My feelings about robing might be contrarian to many. Here are my experiences of robing and not robing and hopefully rational reasons for doing or not doing so. My internship was at the First UU Church of San Diego, there we robed for rites of passages. The reason as I understood it was these were moments to be separated out from ordinary time. When I did my student ministry with a small congregation in MI I robed every single time. The reason was this was a congregation that suffered a painful schism and were meeting in a school cafeteria to rebuild their community. It was important for them to begin to feel like a church again and to create a sense of the sacred. When I began serving the two congregations in Mississippi, I did not robe. I wore a tie but did not wear a suit jacket. The reason was I wanted to be fully accessible to these two congregations and not be set apart. I also wanted to be comfortable in the hot humid weather. At no time did I feel my ministerial authority diminished by not robing. I did robe for weddings and other rites of passages. Yet, when I was doing a public function in the community, I put on a collar because I wanted to be known as representing a clergy presence. I am now serving a small congregation in Alabama and I am robing every Sunday I am there. I still want to be fully accessible to the congregation but here I am sensing the need within the congregation to have a sense of the sacred moment in the service and my robing helps carve out that sacred space. I immediately disrobe after the service and join the congregation in after service activities. Yet, for the congregation I am still serving in MS, I am not robing. The congregation’s needs seem to be different. And it is not because none of their previous ministers have never robed on Sundays, many of them have. I am seeking to meet perceived needs of the congregation. Perhaps I am wrong in using my attire as one means to address these needs symbolically but for now it seems to be important to the congregations I serve to use a variety of symbols as needed to address the congregation. Until my understanding of robing or not robing changes, I intend to continue.

  4. Well, you cant do better than “Serenity Home”‘s response – it’s exactly that: you wear what’s called for.
    the same is true for those of us on the pews….

  5. Transient and Permanent

    Lots of good responses, thanks for helping to nuance my understanding of the issues. It does seem clear that the answer lies in the particular dynamics of each minister and her congregation.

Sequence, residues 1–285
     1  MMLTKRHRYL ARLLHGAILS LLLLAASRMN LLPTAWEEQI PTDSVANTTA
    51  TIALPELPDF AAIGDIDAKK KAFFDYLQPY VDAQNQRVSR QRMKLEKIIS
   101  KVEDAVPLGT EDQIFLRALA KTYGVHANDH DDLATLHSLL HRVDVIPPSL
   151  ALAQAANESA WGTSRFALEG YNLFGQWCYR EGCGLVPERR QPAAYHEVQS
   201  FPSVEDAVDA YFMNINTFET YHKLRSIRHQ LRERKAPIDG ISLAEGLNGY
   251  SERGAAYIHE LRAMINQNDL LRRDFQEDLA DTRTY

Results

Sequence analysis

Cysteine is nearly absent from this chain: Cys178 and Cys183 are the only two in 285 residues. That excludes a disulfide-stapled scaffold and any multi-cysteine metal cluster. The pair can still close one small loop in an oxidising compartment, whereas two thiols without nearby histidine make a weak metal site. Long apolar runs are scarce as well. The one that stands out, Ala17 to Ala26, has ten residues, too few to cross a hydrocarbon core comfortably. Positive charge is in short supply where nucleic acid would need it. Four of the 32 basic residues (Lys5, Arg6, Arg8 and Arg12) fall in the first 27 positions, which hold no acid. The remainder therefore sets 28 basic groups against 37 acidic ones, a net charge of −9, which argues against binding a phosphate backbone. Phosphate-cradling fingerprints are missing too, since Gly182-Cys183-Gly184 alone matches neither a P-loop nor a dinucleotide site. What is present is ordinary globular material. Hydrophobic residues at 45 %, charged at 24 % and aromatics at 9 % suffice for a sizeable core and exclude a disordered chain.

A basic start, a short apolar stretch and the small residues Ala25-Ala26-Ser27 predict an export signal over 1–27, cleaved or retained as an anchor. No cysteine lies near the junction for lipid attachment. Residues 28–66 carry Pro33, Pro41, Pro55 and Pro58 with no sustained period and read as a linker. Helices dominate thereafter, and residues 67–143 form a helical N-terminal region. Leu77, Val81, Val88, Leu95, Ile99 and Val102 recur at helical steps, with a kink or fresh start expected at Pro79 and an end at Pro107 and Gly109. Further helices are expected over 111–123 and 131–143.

6. Rev. Lisa Smith

    To be very real, sometimes even in the congregation there will be unbelievers and those who are serving the Lord, some who have not learned how to look at the minister as God’ spokesperson and some who should but yet have eyes to see. If the minister is an attractive lady, even if she is dressed very well, their minds and thoughts can stray.Their minds need to stay on what she is preaching. By robing the attention stays where it should and also reminds her who she is and keeps the calling before her.

  7. Papa Rob

    When asking whether a minister should robe or not, wouldn’t it be good to understand the history of the robe in worship?

    Does anyone know why ministers robed in the first place? It was for the same reason as University Professors, judges, and english politicians…to be set apart as teacher to learner, judge to civilian and political leader to average citizen. It was one of those tradition things that we brought over the pond when we became a country of our own. It continued to pick up steam in the USA because all of the new Universities were staffed by learned professors who rather enjoyed being recognized for their knowledge. But, now in 2010, only two Universities in the world, and none in the USA have professors clad in robes. It no longer served a relevant purpose. And yet, we hold tight to it in most churches, making claims that it makes it mare sacred, or more formal, or even more traditional. Does it really do all of those things? Or is it just that we like to think of the traditional church that our grandparents went to and desire for sameness and comfort?